Friday, January 30, 2009
The community team features a number of familiar faces from around Mukwonago, Carol Spaeth Bauer of The Chief, everybody's favorite dentist, Dr. Svang, Katie Pierce of Espresso Love and many others. Oh... and me. I'm not sure if I should feel honored that I was asked after being part of the Mukwonago for only 4 months or taken advantage of because
I was too new to say no. I'm going to go with honored.
It should be fun, and its for a good cause-- new technology for the middle school. I'm sure there will be pictures to post after the event, which is a sell out!
The donkeys don't look that fearsome. Do they?
These are folks that have written sufficient quantities of material that they are distinguished not only by the quality of their work, but also the quantity. Thus, Harper Lee is not included even though To Kill a Mockingbird is one of my favorite books.
A quick glance at the list will clearly indicate my inclination towards science fiction and fantasy novels, with a heavy dose of humor preferred... a bias begun very early in my life, and one which remains to this day. I am branching out into less genre specific authors, John Steinbeck, Ernest Hemingway and John Updike for example, but at this point they have won my respect and interest, but they have not topped my list for sheer reading enjoyment.
My Top Ten Favorite Authors:
10. Joseph J. Ellis. The one non-fiction author on my list, I find Ellis to be the best historian writing today. He makes his historical narration both fascinating and informative and he presents his subjects as he finds them, brilliance, warts and all.
9. J.R.R. Tolkien. The Hobbit and The Lord of the Rings are both brilliantly done, though the structure of TLotR is a bit odd by today's standards. He would likely be higher except that his output is smaller compared to others on this list and his other works, The Silmarillion for example, are a bit heavy and far less engaging. If you have a chance to visit the Marquette University Archives to view some of the original Tolkien manuscripts, it is well worth your time-- call ahead, though, they won't pull them out on a whim.
8. Dr. Seuss. Perhaps the best poet ever and certainly my favoirte. He makes verse fun and engaging, and the stories he tells are timeless and evocative. He has hooked thousands (millions?) of kids on the joys of reading and the power of words and images.
7. Douglas Adams. As with Tolkien, he would be higher on this list except that his notorious writer's block and untimely death limited his output of material. The Hitchhiker's Guide to the Galaxy was a mind blowing experience for me and the Dirk Gently novels resonate more with each reading.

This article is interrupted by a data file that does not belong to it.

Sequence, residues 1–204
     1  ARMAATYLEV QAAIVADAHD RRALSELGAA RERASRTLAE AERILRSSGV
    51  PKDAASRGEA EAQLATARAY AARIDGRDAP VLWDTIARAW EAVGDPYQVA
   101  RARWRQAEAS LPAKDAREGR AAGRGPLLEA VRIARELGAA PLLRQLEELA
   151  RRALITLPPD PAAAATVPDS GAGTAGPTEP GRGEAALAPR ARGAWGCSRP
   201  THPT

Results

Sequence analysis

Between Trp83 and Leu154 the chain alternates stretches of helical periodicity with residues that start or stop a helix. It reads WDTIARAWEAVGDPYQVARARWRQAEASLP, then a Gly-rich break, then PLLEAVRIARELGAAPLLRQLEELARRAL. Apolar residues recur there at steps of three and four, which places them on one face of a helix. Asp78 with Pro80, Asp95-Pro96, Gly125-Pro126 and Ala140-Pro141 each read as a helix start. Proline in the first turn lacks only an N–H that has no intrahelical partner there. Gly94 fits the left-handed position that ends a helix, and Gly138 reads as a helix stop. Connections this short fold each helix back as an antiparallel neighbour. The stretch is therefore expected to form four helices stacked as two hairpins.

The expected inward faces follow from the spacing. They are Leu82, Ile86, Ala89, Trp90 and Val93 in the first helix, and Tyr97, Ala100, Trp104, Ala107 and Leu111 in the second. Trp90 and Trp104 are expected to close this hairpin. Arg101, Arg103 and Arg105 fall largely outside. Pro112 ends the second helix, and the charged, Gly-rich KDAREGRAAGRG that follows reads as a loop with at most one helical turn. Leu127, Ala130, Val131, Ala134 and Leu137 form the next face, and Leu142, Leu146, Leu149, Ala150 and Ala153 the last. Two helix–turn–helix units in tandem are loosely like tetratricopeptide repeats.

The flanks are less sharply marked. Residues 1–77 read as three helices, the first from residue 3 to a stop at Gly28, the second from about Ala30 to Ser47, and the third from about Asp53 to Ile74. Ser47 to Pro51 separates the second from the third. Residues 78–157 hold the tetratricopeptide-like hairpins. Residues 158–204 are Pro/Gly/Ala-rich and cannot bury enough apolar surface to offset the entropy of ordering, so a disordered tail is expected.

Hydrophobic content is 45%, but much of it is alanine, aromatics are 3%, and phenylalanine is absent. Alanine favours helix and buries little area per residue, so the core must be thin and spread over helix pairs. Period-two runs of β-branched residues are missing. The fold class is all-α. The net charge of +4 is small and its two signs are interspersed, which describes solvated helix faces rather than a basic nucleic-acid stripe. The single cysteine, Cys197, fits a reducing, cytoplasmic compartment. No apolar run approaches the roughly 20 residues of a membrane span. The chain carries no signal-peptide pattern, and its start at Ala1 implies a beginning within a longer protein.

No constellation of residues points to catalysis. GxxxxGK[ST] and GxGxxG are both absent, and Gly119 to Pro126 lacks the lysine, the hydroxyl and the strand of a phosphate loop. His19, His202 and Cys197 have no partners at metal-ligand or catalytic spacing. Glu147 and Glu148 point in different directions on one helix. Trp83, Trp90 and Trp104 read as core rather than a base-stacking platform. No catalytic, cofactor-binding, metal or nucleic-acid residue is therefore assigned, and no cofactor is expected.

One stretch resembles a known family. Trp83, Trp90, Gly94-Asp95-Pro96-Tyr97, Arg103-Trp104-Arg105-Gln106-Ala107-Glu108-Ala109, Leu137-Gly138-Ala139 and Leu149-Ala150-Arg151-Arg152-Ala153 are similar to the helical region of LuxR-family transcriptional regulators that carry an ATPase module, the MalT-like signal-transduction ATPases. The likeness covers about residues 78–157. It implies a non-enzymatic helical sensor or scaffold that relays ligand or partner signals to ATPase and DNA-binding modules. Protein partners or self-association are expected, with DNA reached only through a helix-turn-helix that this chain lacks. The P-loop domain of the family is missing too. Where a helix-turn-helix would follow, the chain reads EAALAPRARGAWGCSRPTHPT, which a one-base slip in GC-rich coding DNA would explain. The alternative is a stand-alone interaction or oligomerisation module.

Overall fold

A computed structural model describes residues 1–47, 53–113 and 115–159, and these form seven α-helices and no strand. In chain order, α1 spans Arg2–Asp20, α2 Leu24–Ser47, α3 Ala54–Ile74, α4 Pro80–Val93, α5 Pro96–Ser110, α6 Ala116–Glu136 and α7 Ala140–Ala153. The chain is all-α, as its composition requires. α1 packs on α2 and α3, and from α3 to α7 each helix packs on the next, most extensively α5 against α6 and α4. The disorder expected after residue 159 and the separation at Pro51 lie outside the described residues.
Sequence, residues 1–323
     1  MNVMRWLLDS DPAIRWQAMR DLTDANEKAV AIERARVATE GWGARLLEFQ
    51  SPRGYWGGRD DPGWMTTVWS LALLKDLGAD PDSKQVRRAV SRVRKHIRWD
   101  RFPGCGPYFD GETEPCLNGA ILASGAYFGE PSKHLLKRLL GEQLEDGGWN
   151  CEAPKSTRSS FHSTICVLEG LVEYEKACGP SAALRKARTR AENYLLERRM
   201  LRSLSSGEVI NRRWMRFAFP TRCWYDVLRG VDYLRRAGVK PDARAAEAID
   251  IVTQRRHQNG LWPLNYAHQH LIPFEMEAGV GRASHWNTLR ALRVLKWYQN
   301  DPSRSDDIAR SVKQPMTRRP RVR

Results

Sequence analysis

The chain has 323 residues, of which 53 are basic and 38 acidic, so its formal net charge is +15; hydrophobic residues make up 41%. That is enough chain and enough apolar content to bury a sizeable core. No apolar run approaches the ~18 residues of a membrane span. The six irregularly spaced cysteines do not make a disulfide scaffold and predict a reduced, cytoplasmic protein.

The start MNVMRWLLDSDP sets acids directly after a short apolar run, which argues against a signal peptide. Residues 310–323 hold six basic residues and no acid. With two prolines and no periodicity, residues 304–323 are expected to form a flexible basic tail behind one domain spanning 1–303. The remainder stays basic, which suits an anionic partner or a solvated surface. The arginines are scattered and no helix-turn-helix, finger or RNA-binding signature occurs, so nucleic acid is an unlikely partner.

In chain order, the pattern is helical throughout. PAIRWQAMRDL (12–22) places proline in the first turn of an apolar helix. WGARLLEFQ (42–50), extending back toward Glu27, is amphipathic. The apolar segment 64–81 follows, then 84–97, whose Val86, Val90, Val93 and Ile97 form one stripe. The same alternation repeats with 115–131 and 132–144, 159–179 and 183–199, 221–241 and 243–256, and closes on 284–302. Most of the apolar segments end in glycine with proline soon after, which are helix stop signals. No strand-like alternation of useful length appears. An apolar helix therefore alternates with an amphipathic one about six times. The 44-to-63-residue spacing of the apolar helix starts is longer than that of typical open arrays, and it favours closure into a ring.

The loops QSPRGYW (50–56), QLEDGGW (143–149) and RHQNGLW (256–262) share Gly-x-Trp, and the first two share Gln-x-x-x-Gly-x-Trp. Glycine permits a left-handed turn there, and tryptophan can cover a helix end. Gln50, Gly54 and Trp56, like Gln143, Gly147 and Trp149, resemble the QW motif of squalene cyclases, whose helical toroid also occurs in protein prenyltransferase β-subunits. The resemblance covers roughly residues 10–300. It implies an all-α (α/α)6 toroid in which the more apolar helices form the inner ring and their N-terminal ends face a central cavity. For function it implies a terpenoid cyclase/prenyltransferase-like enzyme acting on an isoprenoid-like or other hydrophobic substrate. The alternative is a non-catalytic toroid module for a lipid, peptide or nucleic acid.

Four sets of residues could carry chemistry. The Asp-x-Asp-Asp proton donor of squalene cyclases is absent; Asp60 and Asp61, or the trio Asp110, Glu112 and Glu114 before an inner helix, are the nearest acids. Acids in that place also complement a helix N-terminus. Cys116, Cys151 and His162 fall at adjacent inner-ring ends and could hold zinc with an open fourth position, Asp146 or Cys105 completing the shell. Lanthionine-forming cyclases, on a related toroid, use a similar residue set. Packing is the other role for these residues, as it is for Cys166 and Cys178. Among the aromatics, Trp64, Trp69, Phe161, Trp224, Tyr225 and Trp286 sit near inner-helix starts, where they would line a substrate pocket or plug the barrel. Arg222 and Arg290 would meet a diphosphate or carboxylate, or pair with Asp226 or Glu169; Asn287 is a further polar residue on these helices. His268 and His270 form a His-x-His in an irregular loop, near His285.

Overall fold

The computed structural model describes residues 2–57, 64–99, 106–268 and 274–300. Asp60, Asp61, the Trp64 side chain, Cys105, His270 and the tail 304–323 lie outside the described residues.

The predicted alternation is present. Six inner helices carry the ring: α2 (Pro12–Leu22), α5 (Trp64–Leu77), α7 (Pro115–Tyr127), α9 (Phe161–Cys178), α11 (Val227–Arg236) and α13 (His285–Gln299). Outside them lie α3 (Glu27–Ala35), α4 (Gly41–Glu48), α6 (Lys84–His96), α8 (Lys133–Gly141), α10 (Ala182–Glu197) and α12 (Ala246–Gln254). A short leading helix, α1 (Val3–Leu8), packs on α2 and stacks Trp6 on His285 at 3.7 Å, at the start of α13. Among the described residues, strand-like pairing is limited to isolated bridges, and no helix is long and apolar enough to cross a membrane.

6. Orson Scott Card. Ten years ago he would have been higher on this list, but some of his recent works are too colored by his religious and political views for my liking. Regardless, the Ender series alone would likely get him into my top 10, and many of his other books are nearly as good.
5. Harlan Ellison. The short story maestro. In many ways a great short story is harder to write than a great novel but great short stories are all Ellison writes. His work is darker than my general inclination, but a little darkness from time to time is a good balance. For a real treat, find an audiobook of some of Ellison's stories that are read by Ellison himself-- he is also a terrific narrator. This biography by Isaac Asimov is a pretty good summary of the Ellison experience, I think.
4. Stephen King. A victim of his own success, in some ways-- King has written so much that the sheer volume of his work seems to naturally categorize him as prolific, but not all that good. Quantity over quality. Yet while there are some definite clunkers and dogs in his enormous bibliography, at the top of his form he is one of the best storytellers ever. His works frequently stay with me for days after I've finished them, popping up at odd times or in strange connections to other events and activities.
3. Ray Bradbury. Much like Ellison, Bradbury's specialty is the short story, though my favorite of his works is the novel Dandelion Wine. Bradbury is more gentle than Ellison, yet his work still has power and poignancy aplenty. For me, Bradbury's writings are a distillation of both the wonder and the harshness of childhood and growing up.
2. Stephen R. Donaldson. If there is a true heir to the Tolkien "throne" I would say that it must be Donaldson. His Thomas Covenant series takes the structure of The Lord of the Rings and transforms it into something greater and richer. His Gap books are some of the best science fiction stories I have ever read. Plus, he has an enormous vocabulary. I consider myself to have a pretty darn large vocabulary, but I am constantly running across words in Donaldson's books that I have to look up. So, his books are educational, too!